The dividend payout ratio measures the percentage of net income that is distributed to shareholders in the form of dividends during the year.
In other words, this ratio shows the portion of profits the company decides to keep to fund operations and the portion of profits that is given to its shareholders.
How do you interpret dividend payout ratio?
Dividend Payout Ratio = Total Dividends Paid ÷ Net Income
The dividend payout ratio is presented as a percentage and can be positive or negative. The ratio will generally be positive, but can be negative if the corporation elects to pay a dividend out of prior earnings in a year when a net loss is incurred.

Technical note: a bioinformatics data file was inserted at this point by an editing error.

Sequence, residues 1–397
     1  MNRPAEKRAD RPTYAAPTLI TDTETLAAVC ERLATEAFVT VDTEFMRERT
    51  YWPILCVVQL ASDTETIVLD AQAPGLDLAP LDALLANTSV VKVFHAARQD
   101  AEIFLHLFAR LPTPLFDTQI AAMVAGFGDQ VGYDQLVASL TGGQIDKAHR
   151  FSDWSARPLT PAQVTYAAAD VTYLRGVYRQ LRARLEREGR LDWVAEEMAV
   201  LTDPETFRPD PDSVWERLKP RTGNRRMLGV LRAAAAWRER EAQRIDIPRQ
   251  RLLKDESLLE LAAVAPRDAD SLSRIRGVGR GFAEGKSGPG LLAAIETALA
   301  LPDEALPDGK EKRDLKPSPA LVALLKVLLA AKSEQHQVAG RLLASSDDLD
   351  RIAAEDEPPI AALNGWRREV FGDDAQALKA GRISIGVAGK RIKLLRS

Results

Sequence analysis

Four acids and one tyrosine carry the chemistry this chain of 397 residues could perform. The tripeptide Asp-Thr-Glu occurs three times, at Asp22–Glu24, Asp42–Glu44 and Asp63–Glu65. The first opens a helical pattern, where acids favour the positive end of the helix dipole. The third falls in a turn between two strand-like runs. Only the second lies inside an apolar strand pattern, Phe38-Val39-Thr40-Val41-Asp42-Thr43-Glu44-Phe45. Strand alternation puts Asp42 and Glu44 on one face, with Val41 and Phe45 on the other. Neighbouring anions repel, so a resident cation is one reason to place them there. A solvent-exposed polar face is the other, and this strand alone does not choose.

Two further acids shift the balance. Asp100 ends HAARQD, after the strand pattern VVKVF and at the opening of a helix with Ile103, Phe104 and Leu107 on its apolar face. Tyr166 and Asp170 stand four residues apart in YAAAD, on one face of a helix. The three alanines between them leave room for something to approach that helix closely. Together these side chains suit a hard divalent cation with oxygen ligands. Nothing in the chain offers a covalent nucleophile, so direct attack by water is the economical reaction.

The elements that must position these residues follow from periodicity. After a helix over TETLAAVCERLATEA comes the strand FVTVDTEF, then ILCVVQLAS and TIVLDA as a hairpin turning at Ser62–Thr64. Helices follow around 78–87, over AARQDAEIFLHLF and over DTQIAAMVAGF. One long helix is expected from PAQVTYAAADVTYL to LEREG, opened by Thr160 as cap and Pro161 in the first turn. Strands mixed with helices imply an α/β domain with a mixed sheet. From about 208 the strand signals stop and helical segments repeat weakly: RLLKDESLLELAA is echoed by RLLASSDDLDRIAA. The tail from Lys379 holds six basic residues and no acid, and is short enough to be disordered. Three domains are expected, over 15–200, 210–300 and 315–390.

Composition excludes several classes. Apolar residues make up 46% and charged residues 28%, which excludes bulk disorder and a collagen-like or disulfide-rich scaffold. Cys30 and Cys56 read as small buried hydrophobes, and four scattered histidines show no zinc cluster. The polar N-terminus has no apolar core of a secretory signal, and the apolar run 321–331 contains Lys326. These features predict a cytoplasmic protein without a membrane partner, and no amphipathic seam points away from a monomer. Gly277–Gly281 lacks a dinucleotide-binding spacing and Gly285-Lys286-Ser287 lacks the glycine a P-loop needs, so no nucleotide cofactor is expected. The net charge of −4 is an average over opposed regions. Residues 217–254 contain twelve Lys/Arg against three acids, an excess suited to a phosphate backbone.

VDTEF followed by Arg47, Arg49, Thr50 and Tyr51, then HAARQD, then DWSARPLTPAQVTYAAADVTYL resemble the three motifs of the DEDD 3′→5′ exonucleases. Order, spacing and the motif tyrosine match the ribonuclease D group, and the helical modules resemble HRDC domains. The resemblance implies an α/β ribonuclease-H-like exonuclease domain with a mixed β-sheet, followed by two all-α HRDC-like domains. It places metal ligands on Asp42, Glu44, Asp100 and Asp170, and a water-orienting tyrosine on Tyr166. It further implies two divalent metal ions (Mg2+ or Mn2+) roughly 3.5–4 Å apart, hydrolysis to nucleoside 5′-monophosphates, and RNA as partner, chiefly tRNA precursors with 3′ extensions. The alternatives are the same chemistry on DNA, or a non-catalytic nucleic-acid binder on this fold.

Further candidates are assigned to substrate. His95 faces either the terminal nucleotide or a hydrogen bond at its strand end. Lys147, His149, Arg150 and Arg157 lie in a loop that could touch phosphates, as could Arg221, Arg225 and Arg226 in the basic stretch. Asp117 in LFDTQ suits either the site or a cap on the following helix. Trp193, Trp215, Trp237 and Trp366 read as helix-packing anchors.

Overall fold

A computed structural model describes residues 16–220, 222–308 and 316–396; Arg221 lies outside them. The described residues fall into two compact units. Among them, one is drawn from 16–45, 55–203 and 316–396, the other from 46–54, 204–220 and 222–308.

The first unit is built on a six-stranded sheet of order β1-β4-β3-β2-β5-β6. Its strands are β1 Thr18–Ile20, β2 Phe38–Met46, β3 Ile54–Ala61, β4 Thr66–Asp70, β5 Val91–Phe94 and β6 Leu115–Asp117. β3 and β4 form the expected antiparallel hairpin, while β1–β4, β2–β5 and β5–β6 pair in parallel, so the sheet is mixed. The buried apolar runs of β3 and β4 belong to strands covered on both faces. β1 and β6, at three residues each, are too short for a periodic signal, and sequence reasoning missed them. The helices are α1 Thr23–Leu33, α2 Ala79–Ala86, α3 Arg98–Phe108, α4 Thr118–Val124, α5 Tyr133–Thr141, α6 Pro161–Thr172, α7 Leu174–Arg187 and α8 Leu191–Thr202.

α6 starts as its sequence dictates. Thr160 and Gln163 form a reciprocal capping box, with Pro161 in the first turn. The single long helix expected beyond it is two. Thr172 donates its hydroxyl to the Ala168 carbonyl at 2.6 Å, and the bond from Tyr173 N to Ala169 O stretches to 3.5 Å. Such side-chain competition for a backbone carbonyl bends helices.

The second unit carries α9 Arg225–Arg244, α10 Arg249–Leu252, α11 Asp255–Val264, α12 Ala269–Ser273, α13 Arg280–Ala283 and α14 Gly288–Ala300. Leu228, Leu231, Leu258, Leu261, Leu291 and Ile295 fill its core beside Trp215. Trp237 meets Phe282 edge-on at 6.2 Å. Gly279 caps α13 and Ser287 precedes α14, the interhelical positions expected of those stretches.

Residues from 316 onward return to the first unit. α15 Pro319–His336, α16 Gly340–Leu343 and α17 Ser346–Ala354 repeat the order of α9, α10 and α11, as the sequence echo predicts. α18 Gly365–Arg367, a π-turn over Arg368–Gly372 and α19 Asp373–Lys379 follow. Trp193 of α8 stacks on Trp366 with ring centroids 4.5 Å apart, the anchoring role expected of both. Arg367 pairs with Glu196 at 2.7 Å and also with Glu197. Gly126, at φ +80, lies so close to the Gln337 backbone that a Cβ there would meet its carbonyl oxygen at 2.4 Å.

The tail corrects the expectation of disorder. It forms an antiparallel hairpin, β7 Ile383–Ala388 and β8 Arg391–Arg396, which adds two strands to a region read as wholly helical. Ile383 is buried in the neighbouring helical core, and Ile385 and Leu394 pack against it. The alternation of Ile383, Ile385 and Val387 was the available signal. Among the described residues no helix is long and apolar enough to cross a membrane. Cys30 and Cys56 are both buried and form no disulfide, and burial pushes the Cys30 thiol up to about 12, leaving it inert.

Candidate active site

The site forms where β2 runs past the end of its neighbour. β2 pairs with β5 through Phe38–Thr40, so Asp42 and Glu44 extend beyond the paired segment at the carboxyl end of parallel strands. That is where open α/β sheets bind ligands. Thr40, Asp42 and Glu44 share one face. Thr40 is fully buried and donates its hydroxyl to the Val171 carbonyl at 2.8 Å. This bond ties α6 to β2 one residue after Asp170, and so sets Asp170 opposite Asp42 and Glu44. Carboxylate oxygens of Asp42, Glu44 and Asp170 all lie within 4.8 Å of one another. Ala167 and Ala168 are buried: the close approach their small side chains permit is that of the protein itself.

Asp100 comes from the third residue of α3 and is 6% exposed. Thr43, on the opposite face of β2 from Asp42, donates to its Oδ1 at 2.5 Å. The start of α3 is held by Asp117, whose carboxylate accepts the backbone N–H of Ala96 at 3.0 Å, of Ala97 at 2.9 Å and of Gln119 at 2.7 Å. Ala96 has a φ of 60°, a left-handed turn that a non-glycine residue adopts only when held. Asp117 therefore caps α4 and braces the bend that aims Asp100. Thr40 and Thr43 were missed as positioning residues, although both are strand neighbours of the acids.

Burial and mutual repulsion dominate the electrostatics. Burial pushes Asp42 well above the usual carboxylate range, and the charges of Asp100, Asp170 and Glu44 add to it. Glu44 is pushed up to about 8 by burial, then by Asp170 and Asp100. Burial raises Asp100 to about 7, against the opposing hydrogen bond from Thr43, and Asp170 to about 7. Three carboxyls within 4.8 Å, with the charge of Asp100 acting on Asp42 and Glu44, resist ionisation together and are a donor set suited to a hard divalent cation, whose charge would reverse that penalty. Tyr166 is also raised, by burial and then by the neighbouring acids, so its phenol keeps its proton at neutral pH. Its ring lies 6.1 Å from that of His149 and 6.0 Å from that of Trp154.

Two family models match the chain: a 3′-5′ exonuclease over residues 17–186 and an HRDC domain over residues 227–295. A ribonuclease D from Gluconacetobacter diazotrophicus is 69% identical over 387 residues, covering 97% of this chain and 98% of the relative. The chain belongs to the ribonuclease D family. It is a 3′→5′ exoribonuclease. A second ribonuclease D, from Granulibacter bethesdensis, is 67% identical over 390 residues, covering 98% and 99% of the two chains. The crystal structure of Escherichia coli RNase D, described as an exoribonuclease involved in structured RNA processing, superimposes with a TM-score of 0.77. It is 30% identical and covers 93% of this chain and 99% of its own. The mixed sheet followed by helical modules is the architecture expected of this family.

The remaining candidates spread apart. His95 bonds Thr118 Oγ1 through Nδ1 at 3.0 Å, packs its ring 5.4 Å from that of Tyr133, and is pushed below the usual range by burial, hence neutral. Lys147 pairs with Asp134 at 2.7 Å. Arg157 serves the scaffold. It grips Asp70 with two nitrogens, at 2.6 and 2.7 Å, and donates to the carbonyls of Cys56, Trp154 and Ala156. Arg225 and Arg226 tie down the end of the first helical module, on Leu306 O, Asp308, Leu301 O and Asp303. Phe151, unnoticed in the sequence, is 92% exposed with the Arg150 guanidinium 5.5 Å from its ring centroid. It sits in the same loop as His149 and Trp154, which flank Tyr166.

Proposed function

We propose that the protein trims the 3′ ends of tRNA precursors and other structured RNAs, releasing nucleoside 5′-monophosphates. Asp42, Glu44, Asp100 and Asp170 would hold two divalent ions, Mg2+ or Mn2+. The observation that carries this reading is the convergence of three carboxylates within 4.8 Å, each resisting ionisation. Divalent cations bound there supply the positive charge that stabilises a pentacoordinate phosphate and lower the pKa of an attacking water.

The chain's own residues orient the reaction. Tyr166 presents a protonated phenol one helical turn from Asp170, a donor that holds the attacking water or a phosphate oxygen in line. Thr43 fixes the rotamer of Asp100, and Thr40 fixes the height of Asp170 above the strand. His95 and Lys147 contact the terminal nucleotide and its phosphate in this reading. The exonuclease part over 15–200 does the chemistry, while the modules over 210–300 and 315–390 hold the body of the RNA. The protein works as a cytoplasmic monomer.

Why is dividend payout ratio important?
The payout ratio is important because it tells investors how much of the company’s profits are being given back to shareholders. Put another way, a payout ratio of 20% means for every dollar the company earns in net income, 20% is being returned to shareholders as a dividend.
What does the payout ratio tell us?
The payout ratio, also known as the dividend payout ratio, shows the percentage of a company’s earnings paid out as dividends to shareholders. A payout ratio over 100% indicates that the company is paying out more in dividends than its earning can support, which some view as an unsustainable practice.
What is a good dividend payout ratio?
Healthy. A range of 35% to 55% is considered healthy and appropriate from a dividend investor’s point of view. A company that is likely to distribute roughly half of its earnings as dividends means that the company is well established and a leader in its industry.